The development of our special collections has been greatly aided by the generosity of many individuals and organizations.
Approximately 50,000 volumes. This collection concentrates on Canadian history, especially that of Western Canada. Old and rare materials, including 18th and 19th century editions of explorers' and missionaries' accounts, make up part of the collection. Current publications of primary sources and significant monographs and collections are added on a monthly basis. Access: material is fully catalogued and the records are accessible on the on-line catalogue.
Almost 2,200 volumes. The Library actively collects material authored, edited or translated by the University of Saskatchewan staff since 1910. This collection is the repository for monographic publishing. For inclusion in the University Authors Collection the work must be: a monographic work, a chapter in a monographic work, a translation of a monographic work, a subsequent edition (not a reprint) of a monographic work, or edited conference proceedings; authored, edited, translated or compiled by a U of S faculty or staff member; published during the period of the individual’s U of S employment or retirement. U of S lecture series' publications, such as those of the Sorokin and Whelen lectures, are also included in this collection. The work can be in any format.
8,300+ volumes; includes all masters' and doctoral theses accepted by U of S since 1912. Theses are generally available within 6 months of the author's graduation date. Access: material is catalogued and the records are accessible on the on-line catalogue. Note: To limit your search only to theses, use the Advanced Search function. Limit the location to "Special Collections" and use "theses" as a keyword in your search.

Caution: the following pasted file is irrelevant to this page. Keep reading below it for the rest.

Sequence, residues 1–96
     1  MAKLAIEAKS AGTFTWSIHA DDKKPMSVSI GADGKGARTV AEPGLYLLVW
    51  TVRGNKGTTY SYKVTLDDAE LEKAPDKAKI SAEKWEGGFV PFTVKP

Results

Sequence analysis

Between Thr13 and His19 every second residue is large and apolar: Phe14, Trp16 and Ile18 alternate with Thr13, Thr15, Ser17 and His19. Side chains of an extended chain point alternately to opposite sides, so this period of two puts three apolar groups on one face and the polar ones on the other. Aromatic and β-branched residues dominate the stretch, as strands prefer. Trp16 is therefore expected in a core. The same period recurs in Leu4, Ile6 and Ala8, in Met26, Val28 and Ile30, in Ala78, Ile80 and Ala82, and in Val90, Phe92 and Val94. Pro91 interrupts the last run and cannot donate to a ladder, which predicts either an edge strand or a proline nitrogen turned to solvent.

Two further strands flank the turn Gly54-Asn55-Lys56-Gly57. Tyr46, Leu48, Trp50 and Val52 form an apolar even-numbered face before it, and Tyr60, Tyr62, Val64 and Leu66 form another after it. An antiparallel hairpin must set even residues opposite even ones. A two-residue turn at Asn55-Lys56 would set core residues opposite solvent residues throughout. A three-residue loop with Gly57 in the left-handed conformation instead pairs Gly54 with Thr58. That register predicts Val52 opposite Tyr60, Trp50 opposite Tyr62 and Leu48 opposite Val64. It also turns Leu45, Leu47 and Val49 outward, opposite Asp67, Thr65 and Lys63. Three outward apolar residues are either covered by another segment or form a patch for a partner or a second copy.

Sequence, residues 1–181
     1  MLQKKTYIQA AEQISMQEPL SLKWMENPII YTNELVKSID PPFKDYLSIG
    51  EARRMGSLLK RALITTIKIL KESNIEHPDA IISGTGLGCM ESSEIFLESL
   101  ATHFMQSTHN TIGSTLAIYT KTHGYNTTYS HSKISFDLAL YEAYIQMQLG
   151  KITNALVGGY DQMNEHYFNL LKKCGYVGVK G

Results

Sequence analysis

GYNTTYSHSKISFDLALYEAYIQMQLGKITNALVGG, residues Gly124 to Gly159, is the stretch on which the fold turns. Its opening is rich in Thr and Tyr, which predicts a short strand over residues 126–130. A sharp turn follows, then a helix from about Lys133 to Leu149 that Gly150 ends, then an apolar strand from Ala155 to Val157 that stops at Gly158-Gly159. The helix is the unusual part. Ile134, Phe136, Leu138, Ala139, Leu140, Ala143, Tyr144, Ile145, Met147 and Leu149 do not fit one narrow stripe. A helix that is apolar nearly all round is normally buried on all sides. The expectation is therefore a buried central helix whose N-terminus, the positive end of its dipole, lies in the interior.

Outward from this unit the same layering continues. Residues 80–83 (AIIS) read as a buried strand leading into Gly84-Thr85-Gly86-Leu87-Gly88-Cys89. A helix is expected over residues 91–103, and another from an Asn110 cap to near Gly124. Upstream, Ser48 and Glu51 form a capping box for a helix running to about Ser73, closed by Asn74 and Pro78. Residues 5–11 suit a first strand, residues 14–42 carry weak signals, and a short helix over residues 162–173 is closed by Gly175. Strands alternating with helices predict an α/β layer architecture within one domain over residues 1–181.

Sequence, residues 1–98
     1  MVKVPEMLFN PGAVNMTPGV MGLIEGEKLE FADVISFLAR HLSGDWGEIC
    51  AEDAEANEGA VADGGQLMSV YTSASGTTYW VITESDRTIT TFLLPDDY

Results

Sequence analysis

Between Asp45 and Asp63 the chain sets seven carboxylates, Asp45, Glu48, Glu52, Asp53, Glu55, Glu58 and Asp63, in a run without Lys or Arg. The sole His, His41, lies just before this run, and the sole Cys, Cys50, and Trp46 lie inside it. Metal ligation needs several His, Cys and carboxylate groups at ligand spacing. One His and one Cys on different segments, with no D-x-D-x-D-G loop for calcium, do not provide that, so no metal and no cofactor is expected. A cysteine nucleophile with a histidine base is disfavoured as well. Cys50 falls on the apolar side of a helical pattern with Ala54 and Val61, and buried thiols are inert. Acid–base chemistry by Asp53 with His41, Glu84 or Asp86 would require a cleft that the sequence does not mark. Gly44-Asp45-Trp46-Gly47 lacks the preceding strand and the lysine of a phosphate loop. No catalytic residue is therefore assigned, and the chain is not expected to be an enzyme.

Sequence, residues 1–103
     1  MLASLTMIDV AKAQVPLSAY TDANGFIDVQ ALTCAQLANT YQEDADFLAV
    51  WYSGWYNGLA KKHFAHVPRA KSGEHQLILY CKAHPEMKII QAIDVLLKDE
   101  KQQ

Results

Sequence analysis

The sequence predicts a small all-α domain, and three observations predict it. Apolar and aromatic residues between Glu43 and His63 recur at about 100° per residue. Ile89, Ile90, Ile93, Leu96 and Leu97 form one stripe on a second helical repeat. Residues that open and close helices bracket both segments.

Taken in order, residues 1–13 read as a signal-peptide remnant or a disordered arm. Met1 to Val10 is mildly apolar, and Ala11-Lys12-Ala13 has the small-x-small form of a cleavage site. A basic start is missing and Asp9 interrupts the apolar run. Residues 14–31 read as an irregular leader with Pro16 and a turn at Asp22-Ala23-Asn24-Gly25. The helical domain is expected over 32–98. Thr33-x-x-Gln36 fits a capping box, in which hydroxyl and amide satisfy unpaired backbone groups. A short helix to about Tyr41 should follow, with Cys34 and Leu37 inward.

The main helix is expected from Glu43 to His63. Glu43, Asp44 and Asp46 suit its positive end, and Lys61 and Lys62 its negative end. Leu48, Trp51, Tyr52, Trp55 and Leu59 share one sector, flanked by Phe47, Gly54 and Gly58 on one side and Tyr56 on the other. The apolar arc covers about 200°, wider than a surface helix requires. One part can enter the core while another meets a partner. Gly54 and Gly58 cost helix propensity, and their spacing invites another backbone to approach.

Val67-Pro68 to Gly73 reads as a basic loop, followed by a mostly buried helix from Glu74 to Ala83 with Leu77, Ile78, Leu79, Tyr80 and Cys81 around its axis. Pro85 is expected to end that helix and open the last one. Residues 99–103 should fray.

Theses must be used in the Special Collectons reading area. In addition, theses may be accessed through the Electronic Theses Database depending on the time of thesis' submission or its inclusion in the digitization program currently underway.
Roughly 3,860 items covering a wide variety of subjects. Publication dates range from 1491 to the 21st century. The collection includes first editions, limited editions, works of aesthetic importance, and books subject to loss or mutilation if part of the general collection. Access: material is fully catalogued and the records are accessible on the on-line catalogue.
This collection of materials from Irving Layton includes published monographs, anthologies, tape recordings; manuscript papers, lecture notes and other published material. Also included is some correspondence, 1954 - 1961 and material that others have published about Layton. Access: material is fully catalogued and the records are accessible on the on-line catalogue. Additionally, some of the collection has been digitized and is available for viewing online here.
The Richards Collection, containing rare and/or fragile titles and collections dealing with sexual and gender diversity, complements the Library's extensive circulating collections on these subjects. Among the collection's particular strengths are holdings of LGBT periodicals, books by Canadian authors and publishers, queer mystery and detective fiction, and titles of both nonfiction and fiction (including pulp novels) which predate the Stonewall Riots of 1969 and the beginning of the Gay Liberation Movement. Access: material is fully catalogued and the records are accessible on the on-line catalogue.
Additionally, you may search for titles in three of the collection's subseries through the following links: